"By making [kids] do chores ... they realize I have to do the work of life in order to be part of life," author Julie Lythcott-Haims told Tech Insider

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kids doing chores
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Good news for parents who aren’t sure whether giving their children chores is making a positive, lasting impact: It most likely is.

In a recently resurfaced 2015 interview with Tech Insider, Julie Lythcott-Haims — author of How to Raise an Adult and former Dean of Freshmen at Stanford University — explained the logic behind the idea.

“By making them do chores — taking out the garbage, doing their own laundry — they realize ‘I have to do the work of life in order to be part of life,’ ” she said.

“It’s not just about me and what I need in this moment, but that I’m part of an ecosystem,” Lythcott-Haims added. “I’m part of a family. I’m part of a workplace.”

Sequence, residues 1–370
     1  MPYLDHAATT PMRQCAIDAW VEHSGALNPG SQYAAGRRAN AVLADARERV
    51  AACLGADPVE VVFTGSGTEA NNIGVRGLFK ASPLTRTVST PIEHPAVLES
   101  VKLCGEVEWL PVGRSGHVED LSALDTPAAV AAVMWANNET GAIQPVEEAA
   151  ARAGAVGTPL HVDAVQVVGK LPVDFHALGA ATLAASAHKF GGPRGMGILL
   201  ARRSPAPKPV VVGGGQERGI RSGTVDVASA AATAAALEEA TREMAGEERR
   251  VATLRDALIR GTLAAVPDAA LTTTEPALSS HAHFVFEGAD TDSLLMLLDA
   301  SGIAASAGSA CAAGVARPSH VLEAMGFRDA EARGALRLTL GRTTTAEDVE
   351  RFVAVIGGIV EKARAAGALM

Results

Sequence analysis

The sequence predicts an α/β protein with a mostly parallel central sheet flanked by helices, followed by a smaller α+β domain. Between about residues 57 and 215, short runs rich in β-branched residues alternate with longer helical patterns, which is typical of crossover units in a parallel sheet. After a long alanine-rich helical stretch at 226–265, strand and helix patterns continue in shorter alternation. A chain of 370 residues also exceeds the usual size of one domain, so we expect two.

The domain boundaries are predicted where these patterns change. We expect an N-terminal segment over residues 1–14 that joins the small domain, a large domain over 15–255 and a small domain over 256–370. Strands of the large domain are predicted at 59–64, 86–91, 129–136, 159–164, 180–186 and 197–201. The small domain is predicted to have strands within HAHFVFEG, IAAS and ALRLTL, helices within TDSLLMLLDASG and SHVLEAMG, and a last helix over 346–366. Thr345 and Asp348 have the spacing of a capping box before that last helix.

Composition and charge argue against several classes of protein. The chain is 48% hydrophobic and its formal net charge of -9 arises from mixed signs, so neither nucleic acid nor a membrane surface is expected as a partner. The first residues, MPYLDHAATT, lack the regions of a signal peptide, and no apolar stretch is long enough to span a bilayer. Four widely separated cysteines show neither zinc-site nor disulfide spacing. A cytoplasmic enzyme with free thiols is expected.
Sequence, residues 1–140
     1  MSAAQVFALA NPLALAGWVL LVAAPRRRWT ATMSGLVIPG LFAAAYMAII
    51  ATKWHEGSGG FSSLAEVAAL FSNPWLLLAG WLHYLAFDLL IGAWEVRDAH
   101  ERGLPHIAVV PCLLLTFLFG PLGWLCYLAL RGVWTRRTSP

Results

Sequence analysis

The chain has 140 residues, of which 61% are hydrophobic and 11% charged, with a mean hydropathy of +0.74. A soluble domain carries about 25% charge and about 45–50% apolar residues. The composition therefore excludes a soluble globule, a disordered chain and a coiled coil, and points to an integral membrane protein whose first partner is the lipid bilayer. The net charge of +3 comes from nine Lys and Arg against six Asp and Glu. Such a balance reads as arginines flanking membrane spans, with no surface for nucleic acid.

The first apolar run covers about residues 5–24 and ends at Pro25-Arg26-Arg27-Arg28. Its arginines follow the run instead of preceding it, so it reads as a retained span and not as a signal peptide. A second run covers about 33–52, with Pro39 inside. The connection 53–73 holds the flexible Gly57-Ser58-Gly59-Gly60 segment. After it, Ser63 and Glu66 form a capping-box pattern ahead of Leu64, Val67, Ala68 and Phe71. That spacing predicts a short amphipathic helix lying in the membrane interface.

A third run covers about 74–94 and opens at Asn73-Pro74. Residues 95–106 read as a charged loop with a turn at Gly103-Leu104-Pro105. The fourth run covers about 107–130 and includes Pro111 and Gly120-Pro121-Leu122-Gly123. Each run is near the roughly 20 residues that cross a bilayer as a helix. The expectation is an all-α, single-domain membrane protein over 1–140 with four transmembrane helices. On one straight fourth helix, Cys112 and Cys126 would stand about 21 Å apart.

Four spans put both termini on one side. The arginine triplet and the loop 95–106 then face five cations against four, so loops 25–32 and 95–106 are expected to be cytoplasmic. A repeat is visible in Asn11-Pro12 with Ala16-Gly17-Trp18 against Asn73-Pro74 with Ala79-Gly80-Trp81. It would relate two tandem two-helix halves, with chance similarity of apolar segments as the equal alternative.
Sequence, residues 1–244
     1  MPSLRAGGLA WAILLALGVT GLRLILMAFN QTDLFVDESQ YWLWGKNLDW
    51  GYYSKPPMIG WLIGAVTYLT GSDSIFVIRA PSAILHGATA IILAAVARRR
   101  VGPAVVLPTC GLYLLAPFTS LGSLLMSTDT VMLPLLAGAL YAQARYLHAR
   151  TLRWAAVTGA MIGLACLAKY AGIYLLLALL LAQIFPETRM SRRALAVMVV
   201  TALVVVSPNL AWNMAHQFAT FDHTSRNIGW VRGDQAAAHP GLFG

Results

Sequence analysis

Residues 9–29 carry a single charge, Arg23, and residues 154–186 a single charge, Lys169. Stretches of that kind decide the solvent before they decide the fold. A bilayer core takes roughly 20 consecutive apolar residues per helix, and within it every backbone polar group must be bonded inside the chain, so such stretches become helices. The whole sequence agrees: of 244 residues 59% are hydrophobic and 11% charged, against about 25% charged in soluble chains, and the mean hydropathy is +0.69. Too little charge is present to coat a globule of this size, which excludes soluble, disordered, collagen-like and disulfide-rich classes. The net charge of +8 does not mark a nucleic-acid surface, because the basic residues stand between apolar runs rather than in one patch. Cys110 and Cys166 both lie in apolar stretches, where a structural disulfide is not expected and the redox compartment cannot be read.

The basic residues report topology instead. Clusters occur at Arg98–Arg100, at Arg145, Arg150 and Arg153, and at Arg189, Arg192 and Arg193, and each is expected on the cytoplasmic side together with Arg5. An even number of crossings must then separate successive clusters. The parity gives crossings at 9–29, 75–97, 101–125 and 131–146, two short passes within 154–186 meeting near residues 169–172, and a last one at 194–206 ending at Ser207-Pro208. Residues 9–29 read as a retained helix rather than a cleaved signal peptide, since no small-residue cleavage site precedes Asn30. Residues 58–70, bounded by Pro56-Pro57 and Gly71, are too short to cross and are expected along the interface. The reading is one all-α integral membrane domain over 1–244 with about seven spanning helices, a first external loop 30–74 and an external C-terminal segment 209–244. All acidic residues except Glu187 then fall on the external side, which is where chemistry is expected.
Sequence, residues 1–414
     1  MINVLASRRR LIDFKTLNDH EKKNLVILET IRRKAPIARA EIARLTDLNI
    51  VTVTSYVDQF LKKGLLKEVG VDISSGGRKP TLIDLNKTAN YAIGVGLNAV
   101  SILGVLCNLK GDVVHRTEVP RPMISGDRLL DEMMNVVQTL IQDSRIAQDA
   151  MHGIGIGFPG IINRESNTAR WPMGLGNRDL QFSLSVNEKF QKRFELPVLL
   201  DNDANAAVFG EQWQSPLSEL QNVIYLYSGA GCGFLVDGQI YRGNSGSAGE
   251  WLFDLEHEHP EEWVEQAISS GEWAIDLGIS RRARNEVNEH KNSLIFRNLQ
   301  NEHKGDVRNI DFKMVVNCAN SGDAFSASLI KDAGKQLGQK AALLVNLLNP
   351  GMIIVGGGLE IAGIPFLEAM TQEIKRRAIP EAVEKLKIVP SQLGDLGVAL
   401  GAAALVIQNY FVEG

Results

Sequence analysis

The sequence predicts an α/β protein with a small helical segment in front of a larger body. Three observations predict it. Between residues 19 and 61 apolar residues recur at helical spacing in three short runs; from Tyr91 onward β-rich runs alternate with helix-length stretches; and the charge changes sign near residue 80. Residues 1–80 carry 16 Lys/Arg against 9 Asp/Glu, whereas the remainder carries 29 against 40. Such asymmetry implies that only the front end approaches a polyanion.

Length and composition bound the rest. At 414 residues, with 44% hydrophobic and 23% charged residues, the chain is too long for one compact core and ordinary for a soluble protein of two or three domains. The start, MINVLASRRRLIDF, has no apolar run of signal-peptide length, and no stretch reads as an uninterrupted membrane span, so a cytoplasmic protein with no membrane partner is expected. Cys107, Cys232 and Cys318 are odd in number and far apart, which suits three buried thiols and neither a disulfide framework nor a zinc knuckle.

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kids doing chores
Kids making a bed
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Tech Insider reveals that kids who take on chores are more likely to be independent at work when they grow up, and can recognize when coworkers (whom they more easily collaborate with than their non-chore-doing counterparts) are facing something challenging.

Lythcott-Haims’ advice in her conversation with Tech Insider and a related TED Talks Live presentation is in line with results from the Harvard Grant Study, which has been underway for 75 years and, in part, researches what factors make people happy.

kids doing chores
Child helping with dishes
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She also pointed out to Tech Insider that the independence as an adult could be tied to the fact that they don’t expect tasks that directly benefit them to be performed by anyone else.

“If kids aren’t doing the dishes, it means someone else is doing that for them,” said Lythcott-Haims. “And so they’re absolved of not only the work, but of learning that work has to be done and that each one of us must contribute for the [sake] of the whole.”